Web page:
Here's the recipe for my first  stew of the cool season. I wasn't measuring anything when I made it but it tasted so great that I am approximating so I can share. Warning thought: this is not  a recipe for people who do not have a sense of spicing; for that please see the previous goat or lamb stew recipes which are much more reliable. This culinary rif is inspired by a Peruvian Kid Stew I saw in Gran Cocina Latina: The Food of Latin America by Maricel Presilla. 

  • 1 small goat roast; bone-in. Imagine other meat will work just as well.
  • 5 small cloves of garlic; chopped
  • 4 sticks of celery; coarsely chopped
  • half of a butternut squash; cut into large bite sized pieces

  • a shallot or 2; quartered
  • 2 T peanut oil or ghee
  • 1 teaspoon black pepper
  • 1 teaspoon of smoky paprika
  • 2 star anise pods
  • 4 allspice pods
  • 1 fist full of thyme from the window box
  • 1 small hot fresh red chili from the garden
  • one dried chili from the Mexican store; toasted first over a flame and broken into pieces.
  • 1 lime squeezed over the whole thing
  • salt to taste

First, salt and pepper the roast and set aside while chopping veggies and herbs. Turn the slow cooker to high and heat oil.

Chop celery, squash, and shallots separately. Add shallots and peppers to the slow cooker; sauté.  Add spices and toast till fragrant. Add the roast and snuggle the vegetables around it. Add water to the crock pot till it nearly covered the roast. Cook covered on high heat for as long as you have time (not more than 1 hour); turning the meat once or twice. Squeeze lime juice and add salt and pepper to taste. I added leftover rice from breakfast also at this point. Turn to medium (or low if you will be out a long time) and let cook until dinner, at least 2 hours. Enjoy with crusty bread and butter. Super delicious!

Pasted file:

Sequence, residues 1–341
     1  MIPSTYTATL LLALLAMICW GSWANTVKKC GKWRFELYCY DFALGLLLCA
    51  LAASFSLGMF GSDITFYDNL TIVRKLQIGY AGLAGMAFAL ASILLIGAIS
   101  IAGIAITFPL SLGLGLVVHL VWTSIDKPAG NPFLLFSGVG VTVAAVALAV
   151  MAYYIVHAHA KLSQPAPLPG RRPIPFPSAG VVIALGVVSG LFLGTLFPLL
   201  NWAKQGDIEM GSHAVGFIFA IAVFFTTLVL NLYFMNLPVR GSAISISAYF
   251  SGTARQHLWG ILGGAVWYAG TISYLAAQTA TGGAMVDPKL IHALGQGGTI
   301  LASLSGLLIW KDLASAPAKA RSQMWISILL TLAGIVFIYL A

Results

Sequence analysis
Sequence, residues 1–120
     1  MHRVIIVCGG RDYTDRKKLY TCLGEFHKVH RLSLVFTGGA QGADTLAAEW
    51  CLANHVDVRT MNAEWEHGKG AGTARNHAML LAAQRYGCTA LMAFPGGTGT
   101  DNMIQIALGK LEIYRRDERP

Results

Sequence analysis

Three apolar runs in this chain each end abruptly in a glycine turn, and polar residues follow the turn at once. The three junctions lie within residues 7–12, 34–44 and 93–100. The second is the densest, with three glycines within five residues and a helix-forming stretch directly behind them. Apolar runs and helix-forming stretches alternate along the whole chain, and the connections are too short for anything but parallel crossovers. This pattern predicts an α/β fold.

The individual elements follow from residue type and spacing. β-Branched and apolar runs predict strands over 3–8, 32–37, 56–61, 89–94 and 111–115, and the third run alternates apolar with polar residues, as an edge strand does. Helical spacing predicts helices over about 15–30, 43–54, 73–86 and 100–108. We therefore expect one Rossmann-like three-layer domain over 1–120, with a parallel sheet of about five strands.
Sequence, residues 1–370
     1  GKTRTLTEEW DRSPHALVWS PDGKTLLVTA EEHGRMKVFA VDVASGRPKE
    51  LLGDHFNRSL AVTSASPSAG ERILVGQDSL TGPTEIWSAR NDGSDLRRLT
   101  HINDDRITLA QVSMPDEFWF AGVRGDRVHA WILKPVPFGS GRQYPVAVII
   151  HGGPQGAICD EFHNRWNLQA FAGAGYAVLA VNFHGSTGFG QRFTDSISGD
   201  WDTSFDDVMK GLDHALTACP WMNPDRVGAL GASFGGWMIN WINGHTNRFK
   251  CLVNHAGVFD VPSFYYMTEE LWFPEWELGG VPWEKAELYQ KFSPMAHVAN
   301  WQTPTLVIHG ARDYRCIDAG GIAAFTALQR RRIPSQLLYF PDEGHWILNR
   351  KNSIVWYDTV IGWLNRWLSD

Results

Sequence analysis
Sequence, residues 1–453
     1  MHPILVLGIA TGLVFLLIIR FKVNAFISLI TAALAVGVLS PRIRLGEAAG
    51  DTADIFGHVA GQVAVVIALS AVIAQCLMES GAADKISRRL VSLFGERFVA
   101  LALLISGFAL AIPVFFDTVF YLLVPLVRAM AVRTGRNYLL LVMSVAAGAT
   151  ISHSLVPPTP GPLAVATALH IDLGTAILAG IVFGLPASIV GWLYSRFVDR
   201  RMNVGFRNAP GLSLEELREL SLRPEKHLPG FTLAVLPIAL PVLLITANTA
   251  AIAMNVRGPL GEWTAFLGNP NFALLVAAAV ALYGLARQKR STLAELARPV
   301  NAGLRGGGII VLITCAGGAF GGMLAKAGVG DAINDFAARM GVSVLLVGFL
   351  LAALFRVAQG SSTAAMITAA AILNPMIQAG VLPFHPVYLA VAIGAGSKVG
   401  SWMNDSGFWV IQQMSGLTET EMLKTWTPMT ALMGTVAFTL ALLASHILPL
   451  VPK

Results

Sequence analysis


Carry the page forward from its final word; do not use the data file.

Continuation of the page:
slow-cooker-xl.jpg
chakra drawing

Recently I was at the conference of the National Ayurvedic Medical Association (NAMA) in Seattle. All the meals served were vegetarian, though most did not follow Ayurvedic principles (ahem...creamy tomato soup...?). There seems to be a bit of confusion over the consumption of meat in Ayurveda. Many believe it to be a standard principle. It is true that many Vaidyas (ayurvedic doctors) and practitioners are vegetarians due to their Hindu faith, following the precepts of Yoga, or modern medicine influenced ideas about health or concerns with environmental impact or the quality of meat supply or all of the above. There are no doubt plentiful reasons to follow a vegetarian diet.However, Ayurveda is not a vegetarian practice. Like neti pots, pranayama, and chakras-- vegetarianism is a concept that modern Ayurveda borrowed from Yoga or Hinduism. Ayurveda precedes Hinduism as we know it and traces it's roots into the Vedic world of 5000 years ago. Meat (and other animal products) were certainly eaten by those who could afford them, and are still used in Ayurvedic medicine and health-care. The qualities and uses of meat (everything from peacock to lion) are discussed in detail in the Samhitas.